– The Gulag Archipelago
The Gulag Archipelago, 1918-1956: An Experiment in Literary Investigation (Vol. 1-3) by Aleksandr Solzhenit͡syn; Harper & Row: (2,064 pages, $36.22).
You may have not heard of it before, but the Gulag Archipelago is widely considered to be one of the 20th century’s most important works of non-fiction. It is credited for peeling back the Soviet Union’s “Iron Curtain” for the international community, exposing the horrors and genocide taking place inside of the Communist Party’s forced labor camps. Aleksandr Solzhenit͡syn won a Nobel Peace Prize for his writings in 1970, and its volumes are still mandatory reading in Russian high schools to this day.
During World War II, Aleksandr served as the commander of an artillery sound-ranging battery in the Red Army. He was involved in major action at the frontline, and was twice decorated. In February of 1945, while serving in East Prussia, Aleksandr was arrested for writing derogatory comments in private letters to a friend about the conduct of the war by Joseph Stalin. Stalin had taken his alliance with Adolf Hitler for granted, so when Nazi Germany unexpectedly turned against their Communist allies, the Red Army was caught unprepared along their western border, resulting in terrible losses for the Soviet Union. Accused of anti-Soviet propaganda, Aleksandr was taken to a Moscow prison for interrogation.
Come May 9th, 1945, it was announced that Germany had surrendered. All of Moscow broke out in celebrations with fireworks and searchlights illuminating the sky. Aleksandr famously wrote, “Above the muzzle of our window, and from all the other cells of the Lubyanka prison, and from all the windows of the Moscow prisons, we too, former prisoners of war and former front-line soldiers, watched the Moscow heavens, patterned with fireworks and crisscrossed with beams of searchlights. There was no rejoicing in our cells and no hugs and no kisses for us. That victory was not ours.” On July 7th, 1945, Aleksandr was sentenced in absence to an eight-year term in a gulag labor camp. This was the normal sentence for anti-Soviet propaganda. During his term of slave labor under the brutal Communist regime, he suffered from cancer left untreated.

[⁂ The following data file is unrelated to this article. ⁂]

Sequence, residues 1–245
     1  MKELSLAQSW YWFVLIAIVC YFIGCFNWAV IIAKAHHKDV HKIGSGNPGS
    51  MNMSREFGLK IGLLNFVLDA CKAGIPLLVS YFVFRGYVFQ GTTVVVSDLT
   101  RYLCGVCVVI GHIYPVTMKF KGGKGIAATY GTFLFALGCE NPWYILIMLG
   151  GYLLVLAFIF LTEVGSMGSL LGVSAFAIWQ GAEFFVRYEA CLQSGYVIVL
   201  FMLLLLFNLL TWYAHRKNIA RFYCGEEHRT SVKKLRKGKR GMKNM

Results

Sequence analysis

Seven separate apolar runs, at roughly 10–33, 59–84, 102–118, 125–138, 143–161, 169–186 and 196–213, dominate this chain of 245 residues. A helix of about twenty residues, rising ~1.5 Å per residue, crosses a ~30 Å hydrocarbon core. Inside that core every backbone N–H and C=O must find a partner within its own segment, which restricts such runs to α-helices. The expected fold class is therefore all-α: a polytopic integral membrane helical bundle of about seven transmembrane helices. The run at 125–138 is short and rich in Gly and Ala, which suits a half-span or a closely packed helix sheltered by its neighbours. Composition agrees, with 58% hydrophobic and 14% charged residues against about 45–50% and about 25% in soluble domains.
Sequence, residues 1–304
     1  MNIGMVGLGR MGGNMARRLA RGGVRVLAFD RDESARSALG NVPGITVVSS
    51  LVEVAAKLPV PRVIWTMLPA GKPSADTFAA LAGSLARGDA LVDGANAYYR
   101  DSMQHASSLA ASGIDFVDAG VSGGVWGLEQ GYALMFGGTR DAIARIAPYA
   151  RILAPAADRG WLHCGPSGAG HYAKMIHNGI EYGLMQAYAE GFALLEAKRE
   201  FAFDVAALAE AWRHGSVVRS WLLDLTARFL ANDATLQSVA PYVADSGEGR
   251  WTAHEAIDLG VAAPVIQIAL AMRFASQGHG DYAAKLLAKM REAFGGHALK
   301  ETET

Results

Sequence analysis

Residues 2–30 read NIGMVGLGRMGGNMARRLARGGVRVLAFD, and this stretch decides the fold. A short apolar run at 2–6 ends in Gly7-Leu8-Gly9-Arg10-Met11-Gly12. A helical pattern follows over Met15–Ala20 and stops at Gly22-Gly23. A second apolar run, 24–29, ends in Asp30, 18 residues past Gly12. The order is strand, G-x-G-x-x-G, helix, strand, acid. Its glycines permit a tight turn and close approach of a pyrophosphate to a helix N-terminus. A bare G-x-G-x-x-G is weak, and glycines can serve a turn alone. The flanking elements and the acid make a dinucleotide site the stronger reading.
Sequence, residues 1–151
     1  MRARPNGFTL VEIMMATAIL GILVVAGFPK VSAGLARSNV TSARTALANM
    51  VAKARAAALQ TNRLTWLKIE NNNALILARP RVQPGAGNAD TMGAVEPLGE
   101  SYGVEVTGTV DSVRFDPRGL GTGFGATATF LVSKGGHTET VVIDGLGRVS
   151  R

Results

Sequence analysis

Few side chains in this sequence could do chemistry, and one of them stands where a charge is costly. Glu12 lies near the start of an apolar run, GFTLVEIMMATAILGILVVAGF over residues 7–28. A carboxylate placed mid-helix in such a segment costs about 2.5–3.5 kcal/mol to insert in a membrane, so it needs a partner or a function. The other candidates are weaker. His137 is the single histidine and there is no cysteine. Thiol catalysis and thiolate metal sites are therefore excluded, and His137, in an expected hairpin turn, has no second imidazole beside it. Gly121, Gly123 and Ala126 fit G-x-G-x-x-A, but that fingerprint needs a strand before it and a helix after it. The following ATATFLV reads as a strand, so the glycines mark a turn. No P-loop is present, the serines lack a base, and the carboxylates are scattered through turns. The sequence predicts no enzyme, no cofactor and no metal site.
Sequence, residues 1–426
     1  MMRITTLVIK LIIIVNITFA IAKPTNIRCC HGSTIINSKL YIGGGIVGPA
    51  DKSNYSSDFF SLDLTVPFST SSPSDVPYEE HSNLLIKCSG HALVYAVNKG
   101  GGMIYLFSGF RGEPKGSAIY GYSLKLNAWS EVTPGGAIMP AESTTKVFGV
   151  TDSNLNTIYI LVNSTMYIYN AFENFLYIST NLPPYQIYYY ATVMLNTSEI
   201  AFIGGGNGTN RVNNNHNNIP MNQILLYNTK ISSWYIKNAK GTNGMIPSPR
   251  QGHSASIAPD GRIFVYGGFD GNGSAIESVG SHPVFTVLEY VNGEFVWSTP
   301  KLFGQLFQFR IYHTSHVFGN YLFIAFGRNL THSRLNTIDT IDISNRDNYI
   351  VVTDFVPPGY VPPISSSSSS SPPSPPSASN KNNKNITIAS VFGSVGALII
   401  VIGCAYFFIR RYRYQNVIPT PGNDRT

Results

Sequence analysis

As the victim of inhumane state cruelty, there is no small amount of people Aleksandr Solzhenit͡syn could have rightly blamed for the suffering he endured and all the deaths he bore witness to. Out of everyone, Aleksandr said that he blamed himself the most, for he was member to that corrupt society, and never did he take a stand or make a politically incorrect outcry about the unfair persecution of countless innocents by the party and culture in power at the time until at last that persecution came for him.
The title “The Gulag Archipelago” is derived from Aleksandr’s comparison of being an inmate of various prisons to being the inhabitant of a chain of small islands isolated from the outside world, whose experiences can only be known to other gulag inmates. At a whopping 2,064 pages, his work is no light read, and covers real life events not for the faint of heart or weak of stomach. Equal parts depressing and informative, this work serves as an important record for one of our bloodier chapters in human history.
As a bit of a history buff, I enjoy books which provide firsthand account of important points in the history of our world, lending clues to how we as humans behaved in the past and what lessons we can learn from it moving forward. I’m of the opinion that the worst of humanity should be stared in the face and studied under a microscope so that we might better understand what truly went wrong in a society. Knowing historical events may not give us all the answers in that regard, but I feel it’s a step in the right direction. It’s always easy to say “I would’ve done better, were I in their shoes,” but seeing how oppressive an environment they lived in, and knowing that stepping out of line would’ve led to you being made an example of, makes me doubtful that many of us would’ve faired much better had we lived in their times.
Donavon Anderson is a reference librarian at May Memorial Library. He can be reached at email@example.com or 336-229-3588.